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Review by J
Review by J
by Heather Brewer
Hardcover: 288 pages
Publisher: HarperTeen (March 31, 2015)
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When Stephen's dad says they're moving, Stephen knows it's pointless to argue. They're broke from paying Mom's hospital bills, and now the only option left is to live with Stephen's grandmother in Spencer, a backward small town that's like something out of The Twilight Zone. Population: 814.
Stephen's summer starts looking up when he meets punk girl Cara and her charismatic twin brother, Devon. With Cara, he feels safe and understood—and yeah, okay, she's totally hot. In Devon and his group, he sees a chance at making real friends. Only, as the summer presses on, and harmless nights hanging out in the cemetery take a darker turn, Stephen starts to suspect that Devon is less a friend than a leader. And he might be leading them to a very sinister end. . . .
When Stephen and his dad are forced back into the small, rural town of Spencer due to growing financial issues, Stephen is devastated to be leaving the city of Denver, Colorado behind. But things start to look up when he meets a girl named Cara, who he believes is the only good thing that can come from this move. Though when Stephen meets her brother, Devon, the trouble-making teen whose intentions and beliefs seem to be a bit questionable, he is determined to gain the approval of him and his group of friends. Learning the history of the town he had just arrived in, and its dark and haunting tale of The Winged Ones, Stephen is beginning to believe that he had just walked into a living nightmare that is nearly impossible to wake up from.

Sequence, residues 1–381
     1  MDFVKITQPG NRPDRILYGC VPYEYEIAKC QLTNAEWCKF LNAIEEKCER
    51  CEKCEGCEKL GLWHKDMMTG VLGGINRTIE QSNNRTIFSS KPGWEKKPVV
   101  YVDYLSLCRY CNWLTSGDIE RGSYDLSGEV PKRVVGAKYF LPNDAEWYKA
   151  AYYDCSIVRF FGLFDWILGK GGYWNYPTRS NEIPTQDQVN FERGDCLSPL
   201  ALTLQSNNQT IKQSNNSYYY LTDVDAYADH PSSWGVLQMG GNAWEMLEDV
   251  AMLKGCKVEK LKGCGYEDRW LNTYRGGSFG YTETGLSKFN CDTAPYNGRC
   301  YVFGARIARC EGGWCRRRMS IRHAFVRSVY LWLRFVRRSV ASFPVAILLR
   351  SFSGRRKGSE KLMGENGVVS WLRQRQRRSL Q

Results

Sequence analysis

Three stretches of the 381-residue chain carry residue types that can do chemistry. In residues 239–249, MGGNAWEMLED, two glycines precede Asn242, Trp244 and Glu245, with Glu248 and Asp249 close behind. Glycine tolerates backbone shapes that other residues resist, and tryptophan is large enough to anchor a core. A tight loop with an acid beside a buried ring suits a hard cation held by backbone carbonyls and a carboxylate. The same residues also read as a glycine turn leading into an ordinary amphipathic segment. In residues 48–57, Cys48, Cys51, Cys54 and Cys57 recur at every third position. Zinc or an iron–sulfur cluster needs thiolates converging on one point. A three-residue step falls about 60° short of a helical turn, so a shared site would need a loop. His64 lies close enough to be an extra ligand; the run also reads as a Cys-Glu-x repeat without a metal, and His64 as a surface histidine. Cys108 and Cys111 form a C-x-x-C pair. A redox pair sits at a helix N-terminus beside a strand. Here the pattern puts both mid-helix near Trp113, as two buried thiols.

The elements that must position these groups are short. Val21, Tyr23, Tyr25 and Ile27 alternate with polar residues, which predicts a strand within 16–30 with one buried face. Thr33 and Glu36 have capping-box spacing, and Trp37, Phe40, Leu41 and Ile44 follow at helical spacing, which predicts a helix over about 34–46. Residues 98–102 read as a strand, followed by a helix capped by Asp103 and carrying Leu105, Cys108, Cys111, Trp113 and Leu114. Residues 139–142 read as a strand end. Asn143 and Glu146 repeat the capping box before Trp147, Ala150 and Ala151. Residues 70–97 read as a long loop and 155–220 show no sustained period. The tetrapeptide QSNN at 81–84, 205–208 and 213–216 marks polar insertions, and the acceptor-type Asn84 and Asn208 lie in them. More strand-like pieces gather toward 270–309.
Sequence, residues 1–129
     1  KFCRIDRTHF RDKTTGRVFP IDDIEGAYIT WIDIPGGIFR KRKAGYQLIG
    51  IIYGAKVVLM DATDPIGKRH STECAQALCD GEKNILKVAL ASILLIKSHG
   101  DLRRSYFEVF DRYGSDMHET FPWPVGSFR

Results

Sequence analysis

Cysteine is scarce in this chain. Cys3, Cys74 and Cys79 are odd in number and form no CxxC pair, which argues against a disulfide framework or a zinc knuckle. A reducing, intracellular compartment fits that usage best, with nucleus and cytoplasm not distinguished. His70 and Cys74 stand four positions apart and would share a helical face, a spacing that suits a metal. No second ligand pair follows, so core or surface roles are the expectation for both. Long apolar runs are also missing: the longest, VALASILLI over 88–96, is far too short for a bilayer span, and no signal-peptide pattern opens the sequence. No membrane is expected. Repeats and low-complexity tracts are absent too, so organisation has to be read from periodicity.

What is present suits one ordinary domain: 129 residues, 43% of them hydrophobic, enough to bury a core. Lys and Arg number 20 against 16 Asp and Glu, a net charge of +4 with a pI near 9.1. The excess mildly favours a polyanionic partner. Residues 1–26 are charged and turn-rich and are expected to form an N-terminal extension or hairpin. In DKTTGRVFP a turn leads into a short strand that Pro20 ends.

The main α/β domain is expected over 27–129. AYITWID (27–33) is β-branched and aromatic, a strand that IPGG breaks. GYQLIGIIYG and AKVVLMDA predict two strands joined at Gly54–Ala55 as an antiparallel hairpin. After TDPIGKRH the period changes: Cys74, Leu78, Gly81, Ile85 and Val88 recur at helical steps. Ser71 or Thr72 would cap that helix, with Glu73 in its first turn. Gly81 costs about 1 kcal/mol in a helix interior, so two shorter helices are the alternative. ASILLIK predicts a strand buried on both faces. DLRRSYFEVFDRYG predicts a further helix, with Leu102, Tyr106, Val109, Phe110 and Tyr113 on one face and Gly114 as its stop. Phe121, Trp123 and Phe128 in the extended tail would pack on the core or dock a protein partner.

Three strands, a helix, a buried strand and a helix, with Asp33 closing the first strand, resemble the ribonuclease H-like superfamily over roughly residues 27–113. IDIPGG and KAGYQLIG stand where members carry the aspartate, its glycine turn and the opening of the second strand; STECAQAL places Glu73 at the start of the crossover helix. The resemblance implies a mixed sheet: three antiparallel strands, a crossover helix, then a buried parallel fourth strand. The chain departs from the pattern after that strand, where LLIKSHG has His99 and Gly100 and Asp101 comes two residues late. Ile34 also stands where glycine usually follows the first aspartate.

The Cemetery Boys is an intriguing novel with several twists and turns that make up for a read that kept me turning pages. Although I found the plot interesting, I felt that the story dragged along a bit in the beginning. Around halfway through it began to pick up, and the main conflict of the novel – The Winged Ones – was discussed quite a bit more, as we were introduced to the history of Spencer at a larger extent (visiting more locations within the town, talking to its citizens, etc.). I also found some of the main character’s actions a bit sudden: bunched near the end, his decisions and beliefs in The Winged Ones and how he should react to all of this seemed to be changing and growing more serious way too quickly. It would have been good to see this spread out a bit more throughout the novel through gradual changes, and not everything at once near the end.
I would have also liked to see the secondary characters (Devon’s group of friends) fully present in more scenes. They always seemed to be present in the background, but they weren’t given much dialogue, and I feel that if we were given more of this, I would have better understood their actions and decisions in the latter portion of the novel.
Even though I felt that too much was occurring in the second half, and the introductory portion was too long, The Cemetery Boys is truly a creative and unique story, and I believe Heather Brewer did a fantastic job of creating a dark setting and plot that included just the right amounts of mystery and suspicion. I would definitely consider checking this one out.
-Review by J-
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Heather Brewer grew up on a diet of Twilight Zone and books by Stephen King. She chased them down with every drop of horror she could find—in books, movie theaters, on television. The most delicious parts of her banquet, however, she found lurking in the shadowed corners of her dark imagination. When she’s not writing books, she’s skittering down your wall and lurking underneath your bed. Heather doesn’t believe in happy endings . . . unless they involve blood. She lives in Missouri with her husband and two children.
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